Christopher Snedden of the Asia Pacific Center for Security Studies in Honolulu, Hawaii said it appeared as an “associate challenge” for the land forces to sell this relevance.
“…particularly in the current security environment where maritime and air forces are hogging the limelight,” he said on Sunday speaking at a session on the opening day of the Asia-Pacific armies seminar in Dhaka.
The four-day seminar that drew together land forces of 32 countries of the Asia and the Pacific region was discussing the new focus of “opportunities and challenges” of the land forces in the region.
Bangladesh is co-hosting the seminar with the US Army Pacific after 22 years.
Academics, foreign policy analysts, senior diplomats, and military experts of the region will make presentations.
Snedden, who is also an expert on South Asia, gave a broader perspective of the region and broached this new challenge for the land forces citing examples of the British rulers who left the region 70 years ago.
He said British ruled the region using land forces and they left when the forces lost relevance.
“They were exhausted after the Second World War and simply wanted out, the Indians had finally—and irresistibly—got their act together, and lastly by that time the British essentially had become irrelevant.”
“Thinking strategically, this suggests one of the major challenges that Land Forces confront—being, or remaining, relevant.”
“For me, it’s indisputable that Land Forces are relevant,” he said considering the nature of their works including supporting civil authorities in calamities.
“You also do many things better than maritime or air forces—if only because you usually operate on the ground itself,” he said.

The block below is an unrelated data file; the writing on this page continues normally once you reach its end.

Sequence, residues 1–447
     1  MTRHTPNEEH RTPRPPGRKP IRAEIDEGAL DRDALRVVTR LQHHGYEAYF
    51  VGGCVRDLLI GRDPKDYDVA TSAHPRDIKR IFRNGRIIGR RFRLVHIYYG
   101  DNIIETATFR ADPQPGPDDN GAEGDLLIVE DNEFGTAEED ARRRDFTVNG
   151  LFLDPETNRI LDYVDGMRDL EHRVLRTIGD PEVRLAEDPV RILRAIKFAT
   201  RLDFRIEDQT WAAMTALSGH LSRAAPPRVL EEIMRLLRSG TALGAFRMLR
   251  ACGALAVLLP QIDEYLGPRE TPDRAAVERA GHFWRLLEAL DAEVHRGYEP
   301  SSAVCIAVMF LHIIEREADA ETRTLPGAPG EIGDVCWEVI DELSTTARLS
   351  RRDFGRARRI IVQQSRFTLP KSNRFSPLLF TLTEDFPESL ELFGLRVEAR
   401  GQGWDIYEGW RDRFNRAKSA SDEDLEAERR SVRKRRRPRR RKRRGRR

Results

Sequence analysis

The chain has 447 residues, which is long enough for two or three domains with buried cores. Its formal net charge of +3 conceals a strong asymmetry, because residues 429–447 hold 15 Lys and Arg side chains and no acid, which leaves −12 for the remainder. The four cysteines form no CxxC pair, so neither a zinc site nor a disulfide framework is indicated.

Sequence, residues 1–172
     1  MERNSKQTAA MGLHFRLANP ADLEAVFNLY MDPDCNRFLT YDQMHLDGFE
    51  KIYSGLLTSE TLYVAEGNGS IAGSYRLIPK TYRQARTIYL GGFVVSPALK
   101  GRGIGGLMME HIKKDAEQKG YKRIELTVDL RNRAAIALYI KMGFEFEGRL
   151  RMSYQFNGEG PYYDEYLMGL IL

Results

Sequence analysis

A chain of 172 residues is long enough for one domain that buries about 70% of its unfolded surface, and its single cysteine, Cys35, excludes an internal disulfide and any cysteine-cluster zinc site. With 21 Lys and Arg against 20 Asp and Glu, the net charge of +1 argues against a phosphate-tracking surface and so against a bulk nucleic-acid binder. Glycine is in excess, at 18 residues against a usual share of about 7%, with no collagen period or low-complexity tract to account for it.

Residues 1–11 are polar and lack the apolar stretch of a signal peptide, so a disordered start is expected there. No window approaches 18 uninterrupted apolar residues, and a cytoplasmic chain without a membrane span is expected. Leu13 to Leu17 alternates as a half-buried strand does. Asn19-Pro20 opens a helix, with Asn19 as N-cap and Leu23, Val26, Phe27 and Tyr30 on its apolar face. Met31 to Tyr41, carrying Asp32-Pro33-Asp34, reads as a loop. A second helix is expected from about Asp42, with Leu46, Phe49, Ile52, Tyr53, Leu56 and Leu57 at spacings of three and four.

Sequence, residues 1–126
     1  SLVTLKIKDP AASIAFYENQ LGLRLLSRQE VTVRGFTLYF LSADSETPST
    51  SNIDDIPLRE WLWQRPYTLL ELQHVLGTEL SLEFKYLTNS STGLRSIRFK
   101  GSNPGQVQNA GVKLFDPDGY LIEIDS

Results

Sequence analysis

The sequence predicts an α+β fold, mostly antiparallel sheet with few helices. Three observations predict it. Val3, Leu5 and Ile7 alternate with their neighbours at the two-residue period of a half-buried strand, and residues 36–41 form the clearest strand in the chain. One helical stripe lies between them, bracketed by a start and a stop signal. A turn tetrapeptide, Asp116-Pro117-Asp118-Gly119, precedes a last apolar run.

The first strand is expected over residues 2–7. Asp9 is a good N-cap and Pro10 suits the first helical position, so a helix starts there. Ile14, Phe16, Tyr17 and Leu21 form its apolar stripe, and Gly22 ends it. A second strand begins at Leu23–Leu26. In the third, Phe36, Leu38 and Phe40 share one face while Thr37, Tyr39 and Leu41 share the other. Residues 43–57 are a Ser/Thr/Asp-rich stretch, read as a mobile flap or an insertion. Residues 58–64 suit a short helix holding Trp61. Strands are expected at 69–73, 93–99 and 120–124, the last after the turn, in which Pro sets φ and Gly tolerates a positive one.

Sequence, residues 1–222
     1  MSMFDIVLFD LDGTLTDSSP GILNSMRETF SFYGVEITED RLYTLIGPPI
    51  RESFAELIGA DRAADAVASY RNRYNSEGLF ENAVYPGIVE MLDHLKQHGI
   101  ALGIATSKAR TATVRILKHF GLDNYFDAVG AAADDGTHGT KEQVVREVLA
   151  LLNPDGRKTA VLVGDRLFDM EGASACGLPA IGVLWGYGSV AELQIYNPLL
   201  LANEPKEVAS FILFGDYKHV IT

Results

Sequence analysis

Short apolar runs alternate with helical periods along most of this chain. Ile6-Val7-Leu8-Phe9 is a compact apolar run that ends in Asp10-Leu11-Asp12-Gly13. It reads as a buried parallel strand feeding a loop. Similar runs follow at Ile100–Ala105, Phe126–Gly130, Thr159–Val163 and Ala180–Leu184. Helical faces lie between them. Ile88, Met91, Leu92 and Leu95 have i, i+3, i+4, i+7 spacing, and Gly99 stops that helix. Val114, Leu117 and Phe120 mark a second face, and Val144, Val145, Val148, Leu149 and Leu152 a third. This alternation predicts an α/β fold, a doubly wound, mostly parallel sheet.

Snedden, however, said partnership among the nations can be a way of proving the relevance.
One, he said, could be building “constructive coalitions, expeditions or joint operations with other nations”.
He said this offers “a great strategic advantage because almost all nations have Land Forces to interact with”.
“….whereas they may not have air forces and, at least in the case of landlocked states like Afghanistan or Nepal, navys.”
“Undertaking coalition operations on land is also your area of expertise and excellence.
“It offers synergies; it can be cost effective; it is inclusive; it involves positive cooperation; it builds capacities and nations.
“Most of all, it is a major opportunity which, if used for beneficial purposes, will ensure that Land Forces remain relevant,” he said.
“The actions and words of Land Forces therefore must seek to convince the public, your politicians and sufficient taxpayers, that Land Forces too are relevant,” the US professor said.
He, however, lauded the motto of Bangladesh Army as “a very useful” guide: ‘in war, in peace, we are everywhere for our country’.
He also called upon them to be innovative that he said would make them “more mobile, more capable, and more robust armies”.
The US Army Pacific began this seminar only with nine countries at Honolulu, Hawaii, in 1978, and since then it is being organised in different parts of the world.